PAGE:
IRS Provides Relief With Notice 2020-51
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The waiver of required minimum distributions (RMDs) for tax year 2020, has many taxpayers asking, “Can I rollover the RMD distribution I took before the IRS waived RMDs?”
The answer is yes. The IRS has issued Notice 2020-51 to provide further relief to individuals who have passed the statutory 60-day period.
Typically, rollover rules allow 60 days for a taxpayer to return the distribution to its original plan or to another plan to avoid taxation. IRA holders are limited to conducting one rollover transaction in a twelve-month period. As such, if an IRA holder takes more than one distribution in a single period, a rollover of the largest one is advisable.
Notice 2020-51 gives relief to IRA holders and beneficiaries who have taken their RMDs and are passed the 60-day period. The IRS has extended the 60-day period to give individuals until August 31, 2020 to rollover previously distributed RMDs. This rollover will not effect the ability to conduct another rollover during the same 12 month period, as it will not be counted toward the one rollover per period rule.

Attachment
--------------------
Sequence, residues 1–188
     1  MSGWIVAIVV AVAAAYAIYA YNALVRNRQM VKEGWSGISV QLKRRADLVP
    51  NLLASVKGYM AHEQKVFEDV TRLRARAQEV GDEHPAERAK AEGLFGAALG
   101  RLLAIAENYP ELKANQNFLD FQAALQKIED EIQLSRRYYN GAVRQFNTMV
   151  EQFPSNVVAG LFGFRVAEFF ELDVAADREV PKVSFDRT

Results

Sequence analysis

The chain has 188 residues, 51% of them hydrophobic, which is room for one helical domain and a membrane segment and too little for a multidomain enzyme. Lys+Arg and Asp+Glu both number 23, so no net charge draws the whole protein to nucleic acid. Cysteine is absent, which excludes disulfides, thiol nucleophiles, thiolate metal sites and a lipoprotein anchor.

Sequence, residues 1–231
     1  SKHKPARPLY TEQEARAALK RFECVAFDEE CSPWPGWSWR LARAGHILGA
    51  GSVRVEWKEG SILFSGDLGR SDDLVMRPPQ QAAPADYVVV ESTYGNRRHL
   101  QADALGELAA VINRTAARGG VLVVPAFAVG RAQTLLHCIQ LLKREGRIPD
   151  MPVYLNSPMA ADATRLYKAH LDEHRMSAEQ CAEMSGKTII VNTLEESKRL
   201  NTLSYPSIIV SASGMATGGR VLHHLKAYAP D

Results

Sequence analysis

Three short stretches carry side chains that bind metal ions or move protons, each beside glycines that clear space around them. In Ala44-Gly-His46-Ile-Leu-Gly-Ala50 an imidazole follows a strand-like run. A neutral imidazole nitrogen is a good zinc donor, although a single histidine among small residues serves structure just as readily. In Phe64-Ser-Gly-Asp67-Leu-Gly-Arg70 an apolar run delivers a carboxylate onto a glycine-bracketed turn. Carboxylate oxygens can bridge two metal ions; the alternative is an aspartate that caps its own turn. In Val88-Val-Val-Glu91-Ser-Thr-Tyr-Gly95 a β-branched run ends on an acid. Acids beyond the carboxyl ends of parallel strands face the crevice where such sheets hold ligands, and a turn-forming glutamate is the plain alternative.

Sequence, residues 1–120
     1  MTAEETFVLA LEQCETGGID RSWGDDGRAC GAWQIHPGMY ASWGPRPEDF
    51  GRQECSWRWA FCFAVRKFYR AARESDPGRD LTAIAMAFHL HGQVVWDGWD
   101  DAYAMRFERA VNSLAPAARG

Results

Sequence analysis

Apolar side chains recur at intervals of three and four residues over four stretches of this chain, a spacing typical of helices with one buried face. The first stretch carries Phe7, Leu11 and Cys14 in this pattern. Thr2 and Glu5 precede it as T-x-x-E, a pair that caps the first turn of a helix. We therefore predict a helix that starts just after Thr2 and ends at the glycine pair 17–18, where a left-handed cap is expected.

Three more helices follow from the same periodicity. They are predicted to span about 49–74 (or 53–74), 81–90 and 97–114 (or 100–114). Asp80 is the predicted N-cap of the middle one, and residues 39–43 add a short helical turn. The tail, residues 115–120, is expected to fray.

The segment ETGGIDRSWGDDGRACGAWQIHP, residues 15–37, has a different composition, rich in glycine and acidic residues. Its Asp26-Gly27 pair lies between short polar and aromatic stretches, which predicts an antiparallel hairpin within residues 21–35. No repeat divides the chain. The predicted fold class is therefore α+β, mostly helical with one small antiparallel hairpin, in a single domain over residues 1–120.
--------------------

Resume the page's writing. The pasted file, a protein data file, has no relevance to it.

There’s also additional relief for individuals taking substantial equal periodic distributions known as 72(t) distributions. Distributions that are part of this arrangement can be rolled over without violating the arrangement if taken in tax year 2020. However, this relief does not include stopping the arrangement altogether; the arrangement must persist until fulfilled to avoid retroactive penalties.
The notice provisions also apply to qualified plans such as your 401(k) and profit sharing plans, but doesn’t apply to defined benefit plans.
RMDs including Inherited IRA distributions (i.e. life expectancy payments and 5 year rule final payments) can be rolled over.
The rollover must occur no later than August 31,2020.
The rollover will not effect the one rollover per twelve-month rule.
Rollover of distributions that are part of a series of substantial equal periodic payments also known as 72(t) distributions may be rolled over.
For more information, read IRS Notice 2020-51.